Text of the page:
Harvill Secker, £16.99

Dublinesque, By Enrique Vila-Matas, trans. Rosalind Harvey and Anne McLean

A burnt-out publisher embarks on a literary pilgrimage - and recovers the sheer joy of texts.

Enrique Vila-Matas makes new literature from old. His novels previously published in the UK, Bartleby & Co and Montano, combine appreciation of the finest works with notes on the evanescent nature of the reading experience. His writing is filled with withdrawal and disappearance, and so it is with Dublinesque, one of the most pleasurable and joyous novels of the year, which takes as its springboards James Joyce, Samuel Beckett and Philip Larkin.

These three are at the heart of the book, but it's crammed to the edges with writers, all of whom seem suddenly necessary to the reader - Gracq, Perec, Walser. The Barcelona writer has a gift for irresistible précis on them all. Carlo Emilio Gadda was "a neurotic as admirable as he was phenomenal ... And everything he did was incomplete. In a short article about risotto alla milanese, he made things so complicated that he ended up describing the grains of rice, one by one, and naturally was unable ever to finish the text."

The hero of Dublinesque is Riba, a former literary publisher from Barcelona, and most of the writers praised are those he has published. Riba now spends most of his time on the internet. He needs to find something to do, both to conceal his retirement from his elderly parents, and to resolve his sense that "the list of books I have published seems to have obscured forever the person behind the books. I, in short, am missing."

His solution is literally to follow a dream and go to Dublin. He tells his parents that this is to deliver a lecture on Ulysses and "the Gutenberg constellation giving way to the digital age". One reason he gave up publishing was his unwillingness to publish "gothic vampire tales and other nonsense now in fashion".

He fills out his plans, invites some friends, and the journey becomes its own purpose. In Dublin, Riba laments his failure to publish a genius, a "giant of literature". He worries about the death of literary publishing, and readers who "fail writers when all they ask of them is confirmation that the world is how they see it".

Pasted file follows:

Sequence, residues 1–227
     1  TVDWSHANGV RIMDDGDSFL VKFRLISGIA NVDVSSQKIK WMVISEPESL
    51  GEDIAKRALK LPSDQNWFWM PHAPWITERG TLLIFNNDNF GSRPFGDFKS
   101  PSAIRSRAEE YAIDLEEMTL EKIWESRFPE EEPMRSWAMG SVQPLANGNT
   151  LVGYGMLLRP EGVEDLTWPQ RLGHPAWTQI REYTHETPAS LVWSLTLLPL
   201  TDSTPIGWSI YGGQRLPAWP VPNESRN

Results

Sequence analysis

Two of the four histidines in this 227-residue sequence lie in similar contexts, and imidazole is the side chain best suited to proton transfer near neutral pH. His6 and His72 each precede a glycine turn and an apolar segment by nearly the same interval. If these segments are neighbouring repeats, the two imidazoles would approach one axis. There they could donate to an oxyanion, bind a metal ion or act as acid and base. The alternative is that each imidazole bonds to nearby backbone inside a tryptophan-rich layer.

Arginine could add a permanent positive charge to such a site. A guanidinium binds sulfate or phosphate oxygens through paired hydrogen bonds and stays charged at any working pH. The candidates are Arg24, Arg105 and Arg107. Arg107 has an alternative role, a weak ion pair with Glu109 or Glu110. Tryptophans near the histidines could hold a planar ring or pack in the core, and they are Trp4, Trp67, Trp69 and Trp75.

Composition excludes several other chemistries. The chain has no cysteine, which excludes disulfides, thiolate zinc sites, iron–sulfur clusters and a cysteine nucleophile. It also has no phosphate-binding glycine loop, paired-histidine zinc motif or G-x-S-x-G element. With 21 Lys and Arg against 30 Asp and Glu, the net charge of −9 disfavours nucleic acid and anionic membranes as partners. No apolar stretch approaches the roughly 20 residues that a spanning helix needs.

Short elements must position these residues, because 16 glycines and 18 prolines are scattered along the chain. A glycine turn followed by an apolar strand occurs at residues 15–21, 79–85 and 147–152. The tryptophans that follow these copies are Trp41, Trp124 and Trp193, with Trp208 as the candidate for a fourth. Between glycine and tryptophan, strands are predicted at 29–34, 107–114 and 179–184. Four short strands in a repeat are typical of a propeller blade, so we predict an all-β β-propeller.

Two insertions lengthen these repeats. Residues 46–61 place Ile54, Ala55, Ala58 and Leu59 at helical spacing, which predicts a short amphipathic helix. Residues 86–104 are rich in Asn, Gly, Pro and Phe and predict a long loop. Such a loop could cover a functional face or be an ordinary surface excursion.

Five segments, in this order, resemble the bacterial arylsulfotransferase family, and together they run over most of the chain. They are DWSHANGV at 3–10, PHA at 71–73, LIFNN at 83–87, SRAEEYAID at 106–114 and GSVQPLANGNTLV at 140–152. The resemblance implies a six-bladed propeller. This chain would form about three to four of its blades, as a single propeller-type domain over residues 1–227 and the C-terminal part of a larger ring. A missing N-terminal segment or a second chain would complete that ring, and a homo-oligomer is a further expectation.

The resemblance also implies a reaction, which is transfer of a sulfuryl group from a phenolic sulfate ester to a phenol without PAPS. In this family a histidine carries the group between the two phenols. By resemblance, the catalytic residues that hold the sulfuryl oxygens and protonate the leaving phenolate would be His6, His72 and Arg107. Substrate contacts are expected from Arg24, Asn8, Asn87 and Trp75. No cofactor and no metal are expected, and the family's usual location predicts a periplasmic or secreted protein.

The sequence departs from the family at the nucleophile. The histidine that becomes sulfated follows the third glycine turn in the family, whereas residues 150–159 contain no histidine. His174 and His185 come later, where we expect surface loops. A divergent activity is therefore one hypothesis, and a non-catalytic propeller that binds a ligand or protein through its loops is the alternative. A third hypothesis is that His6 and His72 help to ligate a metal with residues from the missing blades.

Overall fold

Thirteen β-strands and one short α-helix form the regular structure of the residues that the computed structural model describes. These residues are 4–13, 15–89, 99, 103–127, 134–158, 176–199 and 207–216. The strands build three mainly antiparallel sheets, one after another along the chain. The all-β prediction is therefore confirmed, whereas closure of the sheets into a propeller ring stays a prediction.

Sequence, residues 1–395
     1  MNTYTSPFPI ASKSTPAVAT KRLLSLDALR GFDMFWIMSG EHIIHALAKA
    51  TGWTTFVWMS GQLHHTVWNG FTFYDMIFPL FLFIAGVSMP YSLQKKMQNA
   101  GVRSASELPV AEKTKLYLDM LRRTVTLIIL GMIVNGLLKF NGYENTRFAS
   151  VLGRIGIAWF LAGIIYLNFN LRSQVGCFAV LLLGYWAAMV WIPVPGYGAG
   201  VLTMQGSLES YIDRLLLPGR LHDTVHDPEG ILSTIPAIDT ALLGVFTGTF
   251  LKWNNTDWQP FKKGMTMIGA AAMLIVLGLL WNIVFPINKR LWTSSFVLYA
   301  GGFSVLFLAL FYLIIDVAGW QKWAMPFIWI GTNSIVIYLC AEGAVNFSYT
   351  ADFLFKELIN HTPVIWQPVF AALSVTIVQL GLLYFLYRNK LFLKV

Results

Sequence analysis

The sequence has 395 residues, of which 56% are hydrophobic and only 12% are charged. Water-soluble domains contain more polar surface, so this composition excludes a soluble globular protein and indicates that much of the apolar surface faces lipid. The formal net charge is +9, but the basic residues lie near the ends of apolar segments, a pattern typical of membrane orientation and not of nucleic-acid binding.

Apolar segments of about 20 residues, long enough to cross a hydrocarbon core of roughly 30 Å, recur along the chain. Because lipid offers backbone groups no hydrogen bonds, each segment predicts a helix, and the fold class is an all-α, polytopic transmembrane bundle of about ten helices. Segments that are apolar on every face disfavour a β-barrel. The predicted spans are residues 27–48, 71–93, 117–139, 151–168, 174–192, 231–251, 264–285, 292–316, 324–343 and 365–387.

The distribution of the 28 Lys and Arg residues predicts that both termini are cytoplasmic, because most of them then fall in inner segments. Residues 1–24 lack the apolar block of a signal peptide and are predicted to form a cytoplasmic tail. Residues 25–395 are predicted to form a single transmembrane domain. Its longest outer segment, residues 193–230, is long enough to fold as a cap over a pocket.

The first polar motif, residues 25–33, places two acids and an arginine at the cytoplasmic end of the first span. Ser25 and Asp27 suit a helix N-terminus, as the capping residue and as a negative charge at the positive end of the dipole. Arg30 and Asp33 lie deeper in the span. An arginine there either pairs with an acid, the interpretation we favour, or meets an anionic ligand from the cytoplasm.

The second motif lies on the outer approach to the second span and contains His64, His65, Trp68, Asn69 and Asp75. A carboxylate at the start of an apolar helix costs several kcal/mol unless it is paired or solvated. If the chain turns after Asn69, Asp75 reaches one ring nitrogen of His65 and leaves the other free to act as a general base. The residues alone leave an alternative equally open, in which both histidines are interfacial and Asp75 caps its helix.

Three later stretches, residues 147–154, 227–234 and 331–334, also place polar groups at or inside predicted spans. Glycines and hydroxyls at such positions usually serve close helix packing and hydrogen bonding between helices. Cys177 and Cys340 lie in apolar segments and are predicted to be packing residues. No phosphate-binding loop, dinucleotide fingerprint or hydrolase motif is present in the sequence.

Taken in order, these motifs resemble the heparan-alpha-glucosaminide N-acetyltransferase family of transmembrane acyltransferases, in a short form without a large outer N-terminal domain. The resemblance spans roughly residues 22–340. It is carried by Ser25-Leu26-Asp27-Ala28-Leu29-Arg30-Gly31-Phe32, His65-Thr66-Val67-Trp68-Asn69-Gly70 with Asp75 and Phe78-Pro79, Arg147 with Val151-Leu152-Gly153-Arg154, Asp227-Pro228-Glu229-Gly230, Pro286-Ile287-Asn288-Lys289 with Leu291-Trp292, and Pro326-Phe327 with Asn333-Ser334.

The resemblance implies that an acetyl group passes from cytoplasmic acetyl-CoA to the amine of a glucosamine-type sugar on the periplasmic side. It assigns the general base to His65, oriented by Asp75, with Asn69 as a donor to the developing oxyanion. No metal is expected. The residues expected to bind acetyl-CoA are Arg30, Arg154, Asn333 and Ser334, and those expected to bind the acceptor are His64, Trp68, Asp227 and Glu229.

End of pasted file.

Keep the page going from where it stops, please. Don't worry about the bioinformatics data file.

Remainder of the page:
This is what Riba calls a "slow novel", though one not without plenty of "neurotic electricity". It has the air of a walk taken, like Bloom's in Ulysses, the traditional device to make discoveries through changing surroundings, to develop a narrative that moves like the activity - meandering, discursive. Riba "has always admired writers who each day begin a journey towards the unknown and who nevertheless spend all their time sitting in a room". Good books, like those Dublinesque celebrates - like Dublinesque itself - permit the same inner travel in the reader.

The story disappears, like the vanishing characters, under the mass of literary references. Yet Vila-Matas maintains an extraordinary lightness of touch, retained in Rosalind Harvey and Anne McLean's translation. Dublinesque reports on and exemplifies the ungraspability of literature, from the point of view of a man who "is trying to learn to say goodbye to everything". It holds its own even when quoting Ulysses, and is sure to send anyone scuttling back to that book.

Vila-Matas's celebration of other Irish writing ranges wide, not least in Brendan Behan's New York. "I will have forgotten this book long before you have paid your money for it," said Behan. But to Riba, the book is "the greatest happiness", and even stands comparison with parts of Ulysses. This would have pleased Behan, who felt that "Shakespeare said pretty well everything, and what he left out, James Joyce put in".

Arts and Entertainment

game of thrones reviewWarning: spoilers

Arts and Entertainment
The original Star Wars trio of Harrison Ford, Carrie Fisher and Mark Hamill

George Osborne confirms Star Wars 8 will film at Pinewood Studios in time for 4 May

film

Arts and Entertainment